Photo books & photographers
who self publish
Photo books are many people's favourite way of engaging with photography, and they're increasingly popular as collector's items.
Personal Work Journal is dedicated to exploring the best new photography projects, and sharing the personal projects of photographers, film makers and creatives.
Photographers who self publish photo books often want to take as much control of the process as they can, resulting in deeply personal works of art.
Photographers featured include veteran shooters like Brian Griffin and Homer Sykes, along with new talents like Olga Karlovac and Wend Aldiss.
Featured photo books
"My personal interest is in photographing things that are intense in power or scale.”
Ryan Thomas is an early career documentary photographer and has just completed an MA in Photojournalism at Swansea.
Ryan’s work focuses on protest and he’s recently self-published “Everything will kill you so choose something fun proactive”
"For me the photobook is an art form."
Olga Karlovac is a Croatian photographer based in Zagreb.
She has a strong personal style,that’s quickly captured the attention of the photographic community and allowed her to successfully self-publish a trilogy of photobooks that are already into multiple editions.
Latest photo books & zines
NAME Ruth Toda-Nation JOB Documentary photographer PROJECT Our Lockdown Garden Published by Mindful Editions, £40 Recently we’ve interviewed several photographers who although in their 50s might still be considered emerging talents: people like Wendy Aldiss, Rosie...
NAME Wendy Aldiss JOB Documentary Photographer WEBSITE Wendy Aldiss PROJECT My Father's ThingsWendy Aldiss is a fine art and social documentary photographer who has a particular interest in environmental portraiture, and has she produced a body of work that explores...
A family connection opened the door for Nick Hodgson’s personal project & literally took him deeper into the subject.
NAME Nick Hodgson JOB photographer WEBSITE Nick Hodgson PROJECT Free Mines, Coal Faces You can purchase a copy of Free Mines, Coal Faces on Nick's website.Although he describes himself as a documentary landscape photographer, taking inspiration from Chloe Dewe...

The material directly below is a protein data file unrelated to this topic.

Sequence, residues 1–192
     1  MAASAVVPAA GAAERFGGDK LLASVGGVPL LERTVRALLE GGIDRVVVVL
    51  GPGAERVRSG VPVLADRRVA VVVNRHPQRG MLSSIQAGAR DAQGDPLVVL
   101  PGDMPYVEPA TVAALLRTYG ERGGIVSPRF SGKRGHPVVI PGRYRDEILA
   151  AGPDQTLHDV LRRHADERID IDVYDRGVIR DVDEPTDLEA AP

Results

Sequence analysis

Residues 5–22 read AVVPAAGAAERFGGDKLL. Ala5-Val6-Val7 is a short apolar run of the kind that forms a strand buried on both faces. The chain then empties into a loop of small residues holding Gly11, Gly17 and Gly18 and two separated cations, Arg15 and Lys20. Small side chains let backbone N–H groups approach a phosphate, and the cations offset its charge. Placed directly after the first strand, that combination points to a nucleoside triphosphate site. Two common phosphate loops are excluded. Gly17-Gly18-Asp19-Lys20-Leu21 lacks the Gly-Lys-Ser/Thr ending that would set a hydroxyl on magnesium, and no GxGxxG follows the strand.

NAME Olga Karlovac JOB Economist WEBSITE Olga Karlovac PROJECT before winterOlga Karlovac is a Croatian photographer based in Zagreb. Originally an economist, she turned to photography as a creative outlet when she became disillusioned with her professional working...
NAME Melanie K King JOB Lecturer in Photography & PhD Researcher WEBSITE Melanie King PROJECT Ancient LightMelanie K King is currently working towards her practice based PhD at the Royal College of Art. The project she's sharing with Personal Work Journal is part...
Documentary photographer Ryan Thomas’ self published photobook contrasts protests from the USA, UK & France.
NAME Ryan Thomas JOB MA Graduate WEBSITE Ryan Thomas PROJECT Everything Will Kill YouRyan Thomas is an early career documentary photographer and has just completed an MA in Photojournalism at Swansea. Ryan’s work focuses on protest and he’s recently self-published...
Childhood memories & a technique of creative destruction have resulted in a beautiful new photobook for Polaroid photographer Naomi James.
NAME Naomi James JOB Teacher WEBSITE Naomi James PROJECT Lockdown Decay PUBLISHED BY Pannoval Press (£28 - £33)Most photographers have an origin story, perhaps a moment that turned them onto photography or the gift of a camera that sparked a life long obsession. Naomi...
NAME Zak Waters JOB Course Leader Photography WEBSITE Zak Waters PROJECT Life's a Ball 90'sZak Waters is an award winning photographer. His work is mainly reportage and documentary. He’s combined a career of working with prestigious clients, such as the Guardian, The...
NAME Aino Väänänen JOB Documentary Photographer WEBSITE Aino Väänänen PROJECT We Shall SeeI try to take pictures that somehow portray the person’s essence, that brings out something they might not have seen themselves.Aino Väänänen is a documentary photographer based...
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New photo books
My photographs say something about human behaviour or the human condition. So My Father’s Things was a portrait of him but because he’d passed away, he wasn’t in it.